“Programmatic” ad buying typically refers to the use of software to purchase digital advertising, as opposed to the traditional process that involves RFPs (Request for Porposals), human negotiations and manual insertion orders. It’s using machines to buy ads, basically.
Why does programmatic advertising matter?
Efficiency. Before programmatic ad buying, digital ads were bought and sold by human ad buyers and salespeople, who can be expensive and unreliable. Programmatic advertising technology promises to make the ad buying system more efficient, and therefore cheaper, by removing humans from the process wherever possible. Humans get sick, need to sleep and come to work hungover. Machines do not.
So robots are replacing people?
Great. Yes and no. Technology is being used to replace some of the more menial tasks that humans have historically had to handle, like sending insertion orders to publishers and dealing with ad tags, but they’re still required to optimize campaigns and to plan strategies. Programmatic technology will probably mean fewer ad buyers in the world, but it could also allow both marketers and sellers to spend more of their time planning sophisticated, customized campaigns instead of getting bogged down in bureaucracy.
Is programmatic buying is the same as real-time bidding, then?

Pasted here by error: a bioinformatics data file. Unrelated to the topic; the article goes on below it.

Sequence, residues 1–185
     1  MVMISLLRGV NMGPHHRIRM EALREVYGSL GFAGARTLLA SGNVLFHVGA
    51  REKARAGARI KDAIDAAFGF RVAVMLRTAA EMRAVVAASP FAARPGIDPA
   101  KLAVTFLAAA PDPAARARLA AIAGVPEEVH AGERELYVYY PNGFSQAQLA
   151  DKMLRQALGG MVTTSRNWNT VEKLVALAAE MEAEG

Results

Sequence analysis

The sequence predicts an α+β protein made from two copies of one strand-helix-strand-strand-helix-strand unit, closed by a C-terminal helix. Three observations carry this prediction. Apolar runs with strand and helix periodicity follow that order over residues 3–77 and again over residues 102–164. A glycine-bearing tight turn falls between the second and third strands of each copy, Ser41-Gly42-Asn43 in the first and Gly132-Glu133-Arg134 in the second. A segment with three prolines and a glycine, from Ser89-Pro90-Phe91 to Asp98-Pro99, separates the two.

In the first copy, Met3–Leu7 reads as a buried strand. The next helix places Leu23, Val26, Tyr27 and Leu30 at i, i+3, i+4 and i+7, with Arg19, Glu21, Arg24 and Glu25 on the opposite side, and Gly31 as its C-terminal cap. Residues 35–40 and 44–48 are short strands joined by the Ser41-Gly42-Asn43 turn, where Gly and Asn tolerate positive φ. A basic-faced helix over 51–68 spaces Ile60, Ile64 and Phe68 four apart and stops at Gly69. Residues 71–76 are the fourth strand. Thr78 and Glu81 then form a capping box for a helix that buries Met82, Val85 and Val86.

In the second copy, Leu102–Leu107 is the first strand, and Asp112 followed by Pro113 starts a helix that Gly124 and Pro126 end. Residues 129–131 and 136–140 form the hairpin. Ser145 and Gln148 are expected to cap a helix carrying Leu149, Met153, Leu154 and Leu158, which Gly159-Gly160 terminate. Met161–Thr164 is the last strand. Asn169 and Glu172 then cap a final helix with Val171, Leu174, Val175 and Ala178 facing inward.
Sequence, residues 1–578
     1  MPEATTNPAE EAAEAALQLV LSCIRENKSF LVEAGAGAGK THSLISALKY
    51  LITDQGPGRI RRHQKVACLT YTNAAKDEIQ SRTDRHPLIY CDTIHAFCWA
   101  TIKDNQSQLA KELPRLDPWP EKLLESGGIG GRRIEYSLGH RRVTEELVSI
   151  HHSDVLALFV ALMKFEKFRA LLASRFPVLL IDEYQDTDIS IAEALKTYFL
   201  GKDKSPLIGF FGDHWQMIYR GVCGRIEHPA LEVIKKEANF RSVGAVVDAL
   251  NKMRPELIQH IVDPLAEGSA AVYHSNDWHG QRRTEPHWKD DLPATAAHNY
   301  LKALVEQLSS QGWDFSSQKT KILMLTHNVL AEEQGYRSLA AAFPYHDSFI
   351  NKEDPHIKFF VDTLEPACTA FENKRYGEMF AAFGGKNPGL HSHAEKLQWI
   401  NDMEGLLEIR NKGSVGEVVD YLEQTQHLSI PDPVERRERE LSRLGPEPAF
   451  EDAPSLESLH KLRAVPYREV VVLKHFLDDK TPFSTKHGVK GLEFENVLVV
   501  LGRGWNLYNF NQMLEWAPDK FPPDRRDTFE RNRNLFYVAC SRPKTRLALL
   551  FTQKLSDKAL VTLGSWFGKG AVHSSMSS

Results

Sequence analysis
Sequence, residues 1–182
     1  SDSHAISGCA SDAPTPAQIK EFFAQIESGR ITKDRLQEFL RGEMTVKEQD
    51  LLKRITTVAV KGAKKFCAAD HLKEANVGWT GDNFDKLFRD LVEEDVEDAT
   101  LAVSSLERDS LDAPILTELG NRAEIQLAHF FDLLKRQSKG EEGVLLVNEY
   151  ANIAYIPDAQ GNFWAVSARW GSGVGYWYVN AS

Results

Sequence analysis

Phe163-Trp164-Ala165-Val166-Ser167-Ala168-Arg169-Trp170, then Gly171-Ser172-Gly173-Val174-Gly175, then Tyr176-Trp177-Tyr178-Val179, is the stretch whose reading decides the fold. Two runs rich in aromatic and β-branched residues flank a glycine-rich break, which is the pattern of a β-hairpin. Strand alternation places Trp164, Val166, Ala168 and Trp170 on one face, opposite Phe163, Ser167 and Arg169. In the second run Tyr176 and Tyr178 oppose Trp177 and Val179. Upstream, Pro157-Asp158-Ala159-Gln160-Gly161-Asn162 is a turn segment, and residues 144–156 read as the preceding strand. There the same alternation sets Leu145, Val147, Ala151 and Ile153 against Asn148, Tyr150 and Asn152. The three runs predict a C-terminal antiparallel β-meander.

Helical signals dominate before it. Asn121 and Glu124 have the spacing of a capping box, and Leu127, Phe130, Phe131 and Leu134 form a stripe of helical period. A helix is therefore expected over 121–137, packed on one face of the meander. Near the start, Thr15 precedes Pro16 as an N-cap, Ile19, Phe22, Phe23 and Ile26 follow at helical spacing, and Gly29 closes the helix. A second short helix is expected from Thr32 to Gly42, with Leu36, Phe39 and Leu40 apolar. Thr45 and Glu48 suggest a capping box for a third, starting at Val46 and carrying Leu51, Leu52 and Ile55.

No, it’s not. Real-time bidding is a type of programmatic ad buying, but it isn’t the only one. RTB refers to the purchase of ads through real-time auctions, but programmatic software also allows advertisers to buy guaranteed ad impressions in advance from specific publisher sites. This method of buying is often referred to as “programmatic direct.”
Is programmatic “the future of ad buying”?
Probably, yes. It’s impossible to tell what portion of advertising is now traded programatically, but it’s definitely on the rise. Some agencies now say they’re eager to buy as much media as possible through programmatic channels, and some major brands have even built out in-house teams to handle their programmatic ad buying as they spend more of their marketing budgets that way. At the moment, it’s mainly online ads that are traded programatically, but increasingly media companies and agencies are exploring ways to sell “traditional” media this way, including TV spots and out-of-home ads.
What is Real-time bidding ?
Real-time bidding refers to the buying and selling of online ad impressions through real-time auctions that occur in the time it takes a webpage to load. Those auctions are often facilitated by ad exchanges or supply-side platforms.
So how does it work?
As an ad impression loads in a user’s Web browser, information about the page it is on and the user viewing it is passed to an ad exchange, which auctions it off to the advertiser willing to pay the highest price for it. The winning bidder’s ad is then loaded into the webpage nearly instantly; the whole process takes just milliseconds to complete. Advertisers typically use demand-side platforms to help them decide which ad impressions to purchase and how much to bid on them based on a variety of factors, such as the sites they appear on and the previous behavior of the users loading them. Zappos might recognize that a user has previously been on its site looking at a specific pair of shoes, for example, and therefore may be prepared to pay more than Amazon or Best Buy to serve ads to him. The price of impressions is determined in real time based on what buyers are willing to pay, hence the name “real-time bidding.”
Why does it matter?